Mellor, Katharine A. (2010)
M.Phil. thesis, University of Birmingham.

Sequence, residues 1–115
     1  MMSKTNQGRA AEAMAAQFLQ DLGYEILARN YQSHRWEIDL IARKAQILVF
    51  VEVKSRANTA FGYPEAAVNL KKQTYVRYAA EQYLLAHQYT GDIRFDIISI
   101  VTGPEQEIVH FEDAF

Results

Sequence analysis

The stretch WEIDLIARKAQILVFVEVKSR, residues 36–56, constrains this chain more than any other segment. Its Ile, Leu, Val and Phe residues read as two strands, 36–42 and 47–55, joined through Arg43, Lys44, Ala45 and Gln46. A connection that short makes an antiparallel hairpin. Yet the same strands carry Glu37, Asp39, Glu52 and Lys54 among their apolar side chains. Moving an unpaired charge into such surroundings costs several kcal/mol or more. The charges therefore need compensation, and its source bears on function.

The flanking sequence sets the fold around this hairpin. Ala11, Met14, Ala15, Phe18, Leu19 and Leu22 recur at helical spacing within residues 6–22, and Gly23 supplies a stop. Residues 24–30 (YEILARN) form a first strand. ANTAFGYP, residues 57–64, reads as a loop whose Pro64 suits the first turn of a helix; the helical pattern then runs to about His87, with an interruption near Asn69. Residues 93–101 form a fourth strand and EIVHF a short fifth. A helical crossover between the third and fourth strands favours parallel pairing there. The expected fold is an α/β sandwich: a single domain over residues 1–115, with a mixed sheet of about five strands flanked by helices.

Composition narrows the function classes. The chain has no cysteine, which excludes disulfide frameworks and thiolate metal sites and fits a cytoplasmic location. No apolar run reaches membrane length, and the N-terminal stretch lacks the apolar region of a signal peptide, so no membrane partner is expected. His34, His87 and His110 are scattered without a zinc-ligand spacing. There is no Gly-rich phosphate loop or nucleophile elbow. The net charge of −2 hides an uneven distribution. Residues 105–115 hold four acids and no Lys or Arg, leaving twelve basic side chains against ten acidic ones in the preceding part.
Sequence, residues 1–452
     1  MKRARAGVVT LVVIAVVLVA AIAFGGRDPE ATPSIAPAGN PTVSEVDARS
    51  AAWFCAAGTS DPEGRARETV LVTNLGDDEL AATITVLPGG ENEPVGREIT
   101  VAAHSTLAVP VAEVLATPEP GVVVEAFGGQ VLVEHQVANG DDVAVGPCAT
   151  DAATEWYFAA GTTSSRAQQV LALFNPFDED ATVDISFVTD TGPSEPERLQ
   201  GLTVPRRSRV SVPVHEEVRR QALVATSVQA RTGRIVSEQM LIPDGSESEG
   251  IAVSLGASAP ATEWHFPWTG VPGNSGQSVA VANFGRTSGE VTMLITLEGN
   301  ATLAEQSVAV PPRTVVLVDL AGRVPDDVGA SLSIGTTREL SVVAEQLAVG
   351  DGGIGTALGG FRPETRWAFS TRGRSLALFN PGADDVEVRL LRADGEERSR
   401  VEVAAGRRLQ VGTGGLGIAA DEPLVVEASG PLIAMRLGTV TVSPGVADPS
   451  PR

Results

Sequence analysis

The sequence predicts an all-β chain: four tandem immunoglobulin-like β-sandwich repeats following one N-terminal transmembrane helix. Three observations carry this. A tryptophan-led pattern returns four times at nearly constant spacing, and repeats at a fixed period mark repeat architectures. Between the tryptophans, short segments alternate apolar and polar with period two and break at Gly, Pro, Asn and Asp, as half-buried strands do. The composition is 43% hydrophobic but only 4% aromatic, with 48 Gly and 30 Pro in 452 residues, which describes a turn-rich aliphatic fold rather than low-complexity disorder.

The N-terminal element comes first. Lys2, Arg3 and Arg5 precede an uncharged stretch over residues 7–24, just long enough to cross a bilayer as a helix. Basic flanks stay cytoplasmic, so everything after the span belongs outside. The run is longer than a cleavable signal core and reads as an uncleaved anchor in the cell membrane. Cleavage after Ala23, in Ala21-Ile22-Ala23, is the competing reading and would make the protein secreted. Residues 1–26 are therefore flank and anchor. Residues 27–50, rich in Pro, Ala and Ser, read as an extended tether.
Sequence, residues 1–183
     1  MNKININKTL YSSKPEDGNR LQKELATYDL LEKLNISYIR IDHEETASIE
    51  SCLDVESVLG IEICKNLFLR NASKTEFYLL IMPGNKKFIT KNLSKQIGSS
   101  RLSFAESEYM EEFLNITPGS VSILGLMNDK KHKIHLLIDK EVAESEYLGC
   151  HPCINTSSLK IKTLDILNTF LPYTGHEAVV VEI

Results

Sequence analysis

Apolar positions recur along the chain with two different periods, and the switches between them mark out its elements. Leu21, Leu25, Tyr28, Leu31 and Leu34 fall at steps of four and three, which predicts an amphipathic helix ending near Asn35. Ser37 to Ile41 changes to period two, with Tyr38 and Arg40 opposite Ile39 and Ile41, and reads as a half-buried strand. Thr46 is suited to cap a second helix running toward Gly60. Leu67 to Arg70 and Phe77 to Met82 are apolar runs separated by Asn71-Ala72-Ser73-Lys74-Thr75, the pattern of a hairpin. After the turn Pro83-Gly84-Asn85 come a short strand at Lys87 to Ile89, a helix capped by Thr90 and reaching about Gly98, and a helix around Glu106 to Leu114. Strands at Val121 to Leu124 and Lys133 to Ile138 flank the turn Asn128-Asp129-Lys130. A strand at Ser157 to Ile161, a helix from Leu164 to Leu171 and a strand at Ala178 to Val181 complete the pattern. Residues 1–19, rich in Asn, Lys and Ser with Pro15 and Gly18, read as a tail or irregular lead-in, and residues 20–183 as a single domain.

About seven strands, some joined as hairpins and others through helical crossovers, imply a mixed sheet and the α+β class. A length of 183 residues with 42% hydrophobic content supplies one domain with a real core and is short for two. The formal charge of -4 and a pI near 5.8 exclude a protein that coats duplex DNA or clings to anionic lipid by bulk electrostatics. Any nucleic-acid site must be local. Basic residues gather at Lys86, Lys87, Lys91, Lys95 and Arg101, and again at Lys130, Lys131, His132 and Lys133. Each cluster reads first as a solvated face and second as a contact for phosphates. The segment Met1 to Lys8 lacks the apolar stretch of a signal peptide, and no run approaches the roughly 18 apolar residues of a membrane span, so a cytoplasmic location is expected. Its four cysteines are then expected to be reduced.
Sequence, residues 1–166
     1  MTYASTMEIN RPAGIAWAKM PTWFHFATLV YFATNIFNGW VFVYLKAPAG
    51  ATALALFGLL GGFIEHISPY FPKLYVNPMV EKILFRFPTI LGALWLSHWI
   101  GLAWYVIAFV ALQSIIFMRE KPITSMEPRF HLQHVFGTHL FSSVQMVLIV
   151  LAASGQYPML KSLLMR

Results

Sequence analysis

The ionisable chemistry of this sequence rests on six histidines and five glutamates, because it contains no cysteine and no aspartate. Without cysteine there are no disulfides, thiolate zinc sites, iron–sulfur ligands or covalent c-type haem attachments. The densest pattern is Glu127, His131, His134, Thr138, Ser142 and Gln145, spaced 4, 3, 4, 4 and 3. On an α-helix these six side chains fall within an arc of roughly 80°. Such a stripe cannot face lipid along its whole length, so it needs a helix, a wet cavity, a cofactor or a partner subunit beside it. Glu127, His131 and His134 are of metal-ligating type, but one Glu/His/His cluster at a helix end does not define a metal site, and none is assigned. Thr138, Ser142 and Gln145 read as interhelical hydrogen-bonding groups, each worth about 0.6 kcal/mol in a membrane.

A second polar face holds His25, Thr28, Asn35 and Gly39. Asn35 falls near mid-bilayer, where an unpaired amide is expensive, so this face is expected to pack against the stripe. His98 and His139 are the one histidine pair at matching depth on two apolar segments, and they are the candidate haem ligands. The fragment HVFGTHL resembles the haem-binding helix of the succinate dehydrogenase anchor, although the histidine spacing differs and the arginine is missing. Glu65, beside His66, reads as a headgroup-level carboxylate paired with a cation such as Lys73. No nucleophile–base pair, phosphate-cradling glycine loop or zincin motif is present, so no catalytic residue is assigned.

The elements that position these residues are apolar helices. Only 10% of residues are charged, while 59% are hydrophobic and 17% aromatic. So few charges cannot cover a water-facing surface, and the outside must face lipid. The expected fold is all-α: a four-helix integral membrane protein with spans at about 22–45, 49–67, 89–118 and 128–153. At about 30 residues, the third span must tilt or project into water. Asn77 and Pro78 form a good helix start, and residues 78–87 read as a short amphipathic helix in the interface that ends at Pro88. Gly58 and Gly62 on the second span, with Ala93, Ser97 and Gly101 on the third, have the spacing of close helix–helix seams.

In 1996 British Quaker Pink Dandelion published his PhD thesis, an extensive sociological survey of British Quakers. In his thesis Dandelion claimed that the Religious Society of Friends in Britain had become post-Christian. In response to Dandelion’s claim that Quakers are post-Christian, in 2005 and 2006 I conducted a short survey of the same population: the approximately 25,600 Members and Attenders of the Religious Society of Friends (Quakers) who are affiliated with Britain Yearly Meeting (the British national Quaker body). 1,035 of the 1,578 Quakers I approached responded to my questionnaire. Of these, 863 or 83.4% indicated that they believe in God. 751, or 72.6% of those who took part, indicated that they consider themselves to be Christian. 833, or 80.5% of those who took part, indicated that they would answer that they are Christian on an anonymous survey. Fewer than 5% of those who took part in the survey are clearly not Christian. This research suggests that the majority in the Religious Society of Friends in Britain still considers Quakers to be Christian. In the first chapter of this dissertation I examine the background of the debate about whether Quakers are a Christian group. In the second chapter I examine other surveys into Quaker belief. In the third chapter, I give the results of my survey and analyze some of the answers. In the fourth chapter, I introduce the three types of Christians that emerged from my results. In the fifth chapter I also look at some of the questions and, more importantly, the answers, giving examples from written comments. In the sixth chapter, I consider the concept of Toxic Language, the nature of belief within the Religious Society of Friends in Britain, the theories of Gay Pilgrim and also of Rex Ambler, and consider the importance of ‘Truth’ to Quakerism. Finally, I point to other areas of further research before giving my overall conclusions.
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